Morgan & Morgan Commercial Criticized for Letting the Jury in on a Secret

August 29, 2022 | Attorney, Matthew Dolman
Morgan & Morgan Commercial Criticized for Letting the Jury in on a Secret

When it comes to the court of law and the general public, the two intermingle in interesting and diverse ways. Most people are not legal experts, but they know enough about the laws that affect their life to make reasonable decisions. This is our civic duty.

Likewise, the more you know, the more educated of a decision you can make.

This idea presents two ideas: first, people who don't deal with car accident cases every day probably aren't experts on the topic; and second, if they were to be involved in a case of that type, they should have all the facts. But, when it comes to sitting on a jury or even being a plaintiff or defendant, people are often surprised to find out that this isn't how it always works.

This leads me to a story that was recently published by the; and again a week later by In the article, writer Greg Land covers the headline, “Law Firm's TV Ad Sparks Defense Bar Backlash.”

The story is about a recent law firm's commercial and the semi-controversial nature of its content.

In the commercial, the attorney tells consumers something the insurance companies don't want you to know. He is referencing that jurors of an injury case aren't allowed to know if the defendant (the at-fault party) is insured or not. Whether the commercial is controversial is questionable, but the law that limits the jurors' knowledge most definitely is.

The firm that Land references is Morgan & Morgan, specifically Matt Morgan, who is the representative in the commercial.

Those who have lived in Florida for a while are most likely familiar with the Morgan & Morgan name. Even if you haven't lived in Florida, you may still know them, since they also have a large amount of offices in Georgia, Mississippi, Tennessee, Kentucky, Pennsylvania, New York, Alabama, and Arkansas.

Altogether, the firm employs about 300 attorneys and many more paralegals, assistants, and various other supplementary positions. The point is, they are a large firm with a wide, national reach.

Attorney Advertising and the Law

In a 1977 U.S. Supreme Court case, Bates vs State Bar of Arizona, it was decided that attorneys should have the right to advertise. Ever since then, firms have been bombarding TV, radio, print, and the Internet with ads for their firm. According to the Supreme Court, it is their right to do so because of the protection of the First Amendment. The allowance of attorney advertising has created some questions about what can and cannot be said. For this reason, each states' Bar Association regulates this area of legal practice, setting strict and clear laws to prevent false advertising or the misrepresentation of their firm or the law.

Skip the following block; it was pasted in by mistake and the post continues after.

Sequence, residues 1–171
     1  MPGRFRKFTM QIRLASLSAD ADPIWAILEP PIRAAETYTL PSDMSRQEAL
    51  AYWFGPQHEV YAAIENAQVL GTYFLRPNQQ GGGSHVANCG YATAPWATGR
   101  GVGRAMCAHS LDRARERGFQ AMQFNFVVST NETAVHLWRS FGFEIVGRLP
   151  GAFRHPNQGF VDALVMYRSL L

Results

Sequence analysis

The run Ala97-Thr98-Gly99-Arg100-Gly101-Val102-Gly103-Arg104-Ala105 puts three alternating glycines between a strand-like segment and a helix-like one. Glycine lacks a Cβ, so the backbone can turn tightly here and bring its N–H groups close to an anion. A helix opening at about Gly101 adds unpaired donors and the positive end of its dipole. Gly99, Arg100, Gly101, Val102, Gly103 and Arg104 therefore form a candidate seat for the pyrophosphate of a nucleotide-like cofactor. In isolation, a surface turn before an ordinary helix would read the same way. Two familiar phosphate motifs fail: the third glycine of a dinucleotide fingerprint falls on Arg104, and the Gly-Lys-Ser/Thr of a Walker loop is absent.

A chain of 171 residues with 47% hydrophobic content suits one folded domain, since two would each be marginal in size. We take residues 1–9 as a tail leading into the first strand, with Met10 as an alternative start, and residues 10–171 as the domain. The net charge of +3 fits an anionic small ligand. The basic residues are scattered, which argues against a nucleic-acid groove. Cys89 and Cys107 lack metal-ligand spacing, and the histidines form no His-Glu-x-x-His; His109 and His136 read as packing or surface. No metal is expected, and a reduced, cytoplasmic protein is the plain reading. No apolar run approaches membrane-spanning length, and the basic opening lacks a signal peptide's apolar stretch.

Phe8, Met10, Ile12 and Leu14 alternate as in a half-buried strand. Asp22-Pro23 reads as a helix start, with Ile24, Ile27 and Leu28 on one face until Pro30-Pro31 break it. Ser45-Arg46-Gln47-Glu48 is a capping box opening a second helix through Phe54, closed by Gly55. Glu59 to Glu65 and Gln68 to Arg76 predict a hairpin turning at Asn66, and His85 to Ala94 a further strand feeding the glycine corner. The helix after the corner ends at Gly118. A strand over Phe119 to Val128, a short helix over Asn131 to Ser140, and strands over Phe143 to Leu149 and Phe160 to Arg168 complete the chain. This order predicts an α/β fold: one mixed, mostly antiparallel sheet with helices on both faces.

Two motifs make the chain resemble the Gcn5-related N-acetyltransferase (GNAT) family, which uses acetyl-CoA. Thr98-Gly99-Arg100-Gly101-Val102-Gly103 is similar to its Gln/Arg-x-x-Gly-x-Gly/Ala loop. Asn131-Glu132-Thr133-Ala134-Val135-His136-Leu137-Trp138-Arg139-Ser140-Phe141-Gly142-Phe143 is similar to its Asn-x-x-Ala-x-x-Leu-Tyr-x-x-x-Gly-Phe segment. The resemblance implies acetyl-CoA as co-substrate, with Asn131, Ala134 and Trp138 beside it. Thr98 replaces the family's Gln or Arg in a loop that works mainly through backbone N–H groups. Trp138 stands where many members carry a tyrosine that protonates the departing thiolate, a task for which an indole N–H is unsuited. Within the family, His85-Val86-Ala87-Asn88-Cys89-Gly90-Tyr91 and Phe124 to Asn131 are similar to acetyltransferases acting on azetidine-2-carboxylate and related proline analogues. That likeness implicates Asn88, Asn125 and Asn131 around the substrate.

Today, the prevalence of attorney advertising has familiarized the general public with all kinds of lawyers and law firms in their area, as attorneys boast that they can get you out of a DUI or win you hundreds of thousands of dollars for your car accident.

There is no doubt, attorney advertising is questionable in its ethics, but it's necessary for firms to have the right to promote their expertise and business.

The Contention over the Commercial

Morgan and Morgan commercial has recently raised concerns, specifically in Georgia, but also across the US, about whether or not Morgan & Morgan crossed an ethical line. This is because he gave out information that is legally required to be withheld from jurors when they sit on an injury trial.

Some civil defense lawyers, who would represent the at-fault party and their insurance company in an injury case, have complained that the commercial may cross the boundary into jury tampering.
The simple fact is, insurance companies don't want the public to know anything that may hurt their case or cost them money.

The transcript of the commercial in question:

Matt Morgan: “I am going to tell you something that the insurance companies don't want you to know. In almost all of our car crash cases, the person who caused the crash has insurance, but the jury is never allowed to know. I don't think that's fair. You might feel sorry for the at-fault driver because you think they will have to pay, but the insurance company pays for that driver's lawyers, court costs, and the verdict. Spread the word. Now you know. [Morgan then states the firm's slogan and call to action]." The commercial can be found here